July 29, 2015 8:53 am | by London School of Hygiene & Tropical Medicine | Comments

Reduced street lighting in England and Wales is not associated with road traffic collisions or crime, according to research. The study suggests that local authorities can safely reduce street lighting at night, saving energy costs and reducing carbon emissions.


Chimps Binge on Clay to Detox

July 29, 2015 7:00 am | by Univ. of Oxford | Comments

Wild chimpanzees in the forests of Uganda are increasingly eating clay to supplement the minerals in their diet, according to a long-term international study. Researchers observed wild chimpanzees in the Budongo forest eating and drinking from clay pits and termite mounds.


Diabetics Shouldn't Skip Breakfast

July 29, 2015 7:00 am | by American Friends of Tel Aviv Univ. | Comments

More and more Americans on-the-go are skipping the "most important meal of the day," not eating until lunch. This tendency to miss breakfast has already been linked to the growing epidemic of obesity and cardiovascular problems in the U.S.— and it may put the health of diabetics at risk as well.


Washington D.C. is Sinking Fast

July 29, 2015 7:00 am | by Univ. of Vermont | Comments

New research confirms that the land under the Chesapeake Bay is sinking rapidly and projects that Washington, D.C., could drop by six or more inches in the next century. This falling land will exacerbate the flooding that the nation’s capital faces from rising ocean waters because of a warming climate and melting ice sheets— accelerating the threat to the region’s monuments, roads, wildlife refuges and military installations.

Today in Lab History: The First Iron Lung

July 29, 2015 7:00 am | by Lily Barback, Associate Editor | Comments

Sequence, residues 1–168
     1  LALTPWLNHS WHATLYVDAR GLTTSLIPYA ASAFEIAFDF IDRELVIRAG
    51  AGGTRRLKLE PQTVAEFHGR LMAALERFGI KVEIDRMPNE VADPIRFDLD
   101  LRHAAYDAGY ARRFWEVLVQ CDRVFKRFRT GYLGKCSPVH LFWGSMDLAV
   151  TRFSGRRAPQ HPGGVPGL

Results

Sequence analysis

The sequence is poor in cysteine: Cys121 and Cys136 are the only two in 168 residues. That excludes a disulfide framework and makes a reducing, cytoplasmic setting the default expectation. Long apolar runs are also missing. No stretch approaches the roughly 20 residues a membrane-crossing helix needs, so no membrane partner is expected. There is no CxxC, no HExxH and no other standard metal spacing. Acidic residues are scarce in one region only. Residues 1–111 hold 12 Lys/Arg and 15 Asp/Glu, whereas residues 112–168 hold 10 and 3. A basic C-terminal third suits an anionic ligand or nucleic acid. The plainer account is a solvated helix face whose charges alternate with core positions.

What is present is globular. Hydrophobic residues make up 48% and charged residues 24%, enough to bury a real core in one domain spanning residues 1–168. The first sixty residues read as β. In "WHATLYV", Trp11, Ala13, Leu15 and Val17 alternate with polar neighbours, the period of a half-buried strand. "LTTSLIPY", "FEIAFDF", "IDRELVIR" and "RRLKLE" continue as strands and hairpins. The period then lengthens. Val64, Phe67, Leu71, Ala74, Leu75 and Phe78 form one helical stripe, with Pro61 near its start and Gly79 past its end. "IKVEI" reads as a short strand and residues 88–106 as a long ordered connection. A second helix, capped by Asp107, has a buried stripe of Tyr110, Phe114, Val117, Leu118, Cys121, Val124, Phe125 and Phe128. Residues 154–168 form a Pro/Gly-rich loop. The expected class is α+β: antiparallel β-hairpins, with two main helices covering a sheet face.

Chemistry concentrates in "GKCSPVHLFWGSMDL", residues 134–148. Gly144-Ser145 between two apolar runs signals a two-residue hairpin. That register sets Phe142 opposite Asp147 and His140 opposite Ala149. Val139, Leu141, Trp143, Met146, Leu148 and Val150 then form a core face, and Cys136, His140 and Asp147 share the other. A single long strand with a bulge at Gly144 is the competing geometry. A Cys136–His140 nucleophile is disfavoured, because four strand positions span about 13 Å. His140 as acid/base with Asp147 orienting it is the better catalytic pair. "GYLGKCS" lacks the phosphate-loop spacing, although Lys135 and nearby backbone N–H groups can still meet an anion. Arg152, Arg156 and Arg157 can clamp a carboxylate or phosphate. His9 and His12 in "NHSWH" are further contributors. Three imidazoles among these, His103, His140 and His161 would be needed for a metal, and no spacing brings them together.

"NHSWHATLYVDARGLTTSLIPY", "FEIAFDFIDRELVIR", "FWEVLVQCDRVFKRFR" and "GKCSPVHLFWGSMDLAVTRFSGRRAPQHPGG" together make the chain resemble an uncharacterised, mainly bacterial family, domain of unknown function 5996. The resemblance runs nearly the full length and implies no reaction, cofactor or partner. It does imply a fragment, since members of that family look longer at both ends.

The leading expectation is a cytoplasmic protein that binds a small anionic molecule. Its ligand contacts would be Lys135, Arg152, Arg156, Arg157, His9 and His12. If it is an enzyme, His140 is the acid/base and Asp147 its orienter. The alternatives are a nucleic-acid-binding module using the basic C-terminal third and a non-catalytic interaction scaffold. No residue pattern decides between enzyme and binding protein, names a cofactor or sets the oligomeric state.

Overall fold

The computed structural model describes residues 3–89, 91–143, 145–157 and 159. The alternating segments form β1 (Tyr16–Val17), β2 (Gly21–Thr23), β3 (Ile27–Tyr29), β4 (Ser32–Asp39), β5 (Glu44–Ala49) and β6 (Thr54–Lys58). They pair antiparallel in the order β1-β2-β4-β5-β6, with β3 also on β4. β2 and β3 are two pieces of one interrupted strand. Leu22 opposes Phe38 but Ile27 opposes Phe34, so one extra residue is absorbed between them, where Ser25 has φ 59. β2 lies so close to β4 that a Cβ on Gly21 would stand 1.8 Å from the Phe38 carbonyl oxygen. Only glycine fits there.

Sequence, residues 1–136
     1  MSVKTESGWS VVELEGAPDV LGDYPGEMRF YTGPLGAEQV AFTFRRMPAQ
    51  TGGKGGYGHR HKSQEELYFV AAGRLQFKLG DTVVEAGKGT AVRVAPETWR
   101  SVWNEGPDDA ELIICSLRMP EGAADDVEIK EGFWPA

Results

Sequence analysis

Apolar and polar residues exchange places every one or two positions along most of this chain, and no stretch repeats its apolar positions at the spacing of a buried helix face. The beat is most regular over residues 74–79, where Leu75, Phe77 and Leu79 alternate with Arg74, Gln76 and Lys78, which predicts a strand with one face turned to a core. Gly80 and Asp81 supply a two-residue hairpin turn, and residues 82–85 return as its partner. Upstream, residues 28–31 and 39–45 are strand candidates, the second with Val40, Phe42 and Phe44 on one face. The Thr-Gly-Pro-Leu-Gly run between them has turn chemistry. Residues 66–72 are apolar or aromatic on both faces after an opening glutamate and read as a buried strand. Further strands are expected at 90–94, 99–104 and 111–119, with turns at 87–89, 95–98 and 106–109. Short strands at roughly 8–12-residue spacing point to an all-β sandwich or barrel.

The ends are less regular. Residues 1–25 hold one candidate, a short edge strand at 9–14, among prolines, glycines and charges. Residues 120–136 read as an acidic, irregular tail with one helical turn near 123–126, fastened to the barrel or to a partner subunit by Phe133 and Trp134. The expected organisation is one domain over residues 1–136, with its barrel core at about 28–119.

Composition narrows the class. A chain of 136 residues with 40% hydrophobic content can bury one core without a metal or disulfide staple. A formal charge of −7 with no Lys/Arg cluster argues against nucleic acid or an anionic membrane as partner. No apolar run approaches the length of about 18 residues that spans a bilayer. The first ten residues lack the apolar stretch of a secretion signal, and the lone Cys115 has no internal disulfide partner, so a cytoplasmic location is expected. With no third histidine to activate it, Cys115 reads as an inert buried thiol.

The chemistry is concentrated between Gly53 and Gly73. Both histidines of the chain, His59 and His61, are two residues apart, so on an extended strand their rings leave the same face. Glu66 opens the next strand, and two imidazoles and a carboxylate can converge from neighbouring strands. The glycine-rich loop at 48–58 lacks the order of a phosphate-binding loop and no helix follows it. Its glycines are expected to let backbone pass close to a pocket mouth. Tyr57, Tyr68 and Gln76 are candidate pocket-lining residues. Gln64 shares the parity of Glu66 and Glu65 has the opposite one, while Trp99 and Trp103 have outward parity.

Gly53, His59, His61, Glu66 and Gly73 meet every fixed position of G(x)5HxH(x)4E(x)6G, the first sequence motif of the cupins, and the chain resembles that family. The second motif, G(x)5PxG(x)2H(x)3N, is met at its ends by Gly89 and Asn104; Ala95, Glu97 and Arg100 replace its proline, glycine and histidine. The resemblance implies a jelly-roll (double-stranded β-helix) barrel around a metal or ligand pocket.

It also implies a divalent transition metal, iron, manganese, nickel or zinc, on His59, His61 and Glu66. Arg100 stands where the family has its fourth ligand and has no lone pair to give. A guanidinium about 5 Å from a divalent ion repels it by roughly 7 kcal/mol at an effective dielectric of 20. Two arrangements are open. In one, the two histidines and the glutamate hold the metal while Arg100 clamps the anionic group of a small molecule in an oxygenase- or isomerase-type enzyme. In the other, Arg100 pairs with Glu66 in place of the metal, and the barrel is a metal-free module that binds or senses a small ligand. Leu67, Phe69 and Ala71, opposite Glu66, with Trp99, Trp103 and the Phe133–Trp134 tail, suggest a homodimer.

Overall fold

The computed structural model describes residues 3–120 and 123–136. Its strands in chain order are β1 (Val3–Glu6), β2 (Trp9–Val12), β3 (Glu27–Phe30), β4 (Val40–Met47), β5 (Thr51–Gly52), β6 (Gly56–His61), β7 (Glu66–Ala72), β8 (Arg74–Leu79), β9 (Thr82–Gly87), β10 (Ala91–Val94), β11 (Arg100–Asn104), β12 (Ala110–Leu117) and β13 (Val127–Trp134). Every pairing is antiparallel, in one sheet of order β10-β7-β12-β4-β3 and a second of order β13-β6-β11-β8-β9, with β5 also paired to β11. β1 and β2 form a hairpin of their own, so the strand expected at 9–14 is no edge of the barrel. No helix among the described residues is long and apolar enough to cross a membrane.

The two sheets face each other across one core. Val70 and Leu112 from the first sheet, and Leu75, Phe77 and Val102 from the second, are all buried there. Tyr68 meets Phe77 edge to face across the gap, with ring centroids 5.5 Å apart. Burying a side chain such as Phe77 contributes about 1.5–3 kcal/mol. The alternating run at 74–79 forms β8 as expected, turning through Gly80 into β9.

On July 29, 1929, the first electric respirator, or iron lung, was installed in Bellevue hospital to fight a polio epidemic. The machine was made from two vacuum cleaners and worked on negative pressure.


AI Arms Race Would Yield 'Kalashnikovs of Tomorrow'

July 28, 2015 2:00 pm | by Associated Press, Danica Kirka | Comments

In an open letter, scientists and tech experts— including Stephen Hawking and Steve Wozniak— argued that if any major military power pushes ahead with development of autonomous weapons, a global arms race is virtually inevitable. The endpoint, they wrote, of this technological trajectory is obvious: autonomous weapons will become the Kalashnikovs of tomorrow.


Depression is a Gut Feeling

July 28, 2015 2:00 pm | by McMaster Univ. | Comments

Scientists have discovered that intestinal bacteria play an important role in inducing anxiety and depression. The new study is the first to explore the role of intestinal microbiota in the altered behavior that is a consequence of early life stress.


Hair May Shed Light on Link Between Asthma, Cortisol, Pregnancy Complications

July 28, 2015 2:00 pm | by American Association for Clinical Chemistry (AACC) | Comments

Hair samples can be used to measure the effects of asthma on the cortisol levels of women during pregnancy, according to research. The study also found that levels of cortisol, a stress-related hormone, tend to be lower among pregnant women with asthma than among pregnant women without the chronic, inflammatory lung disease.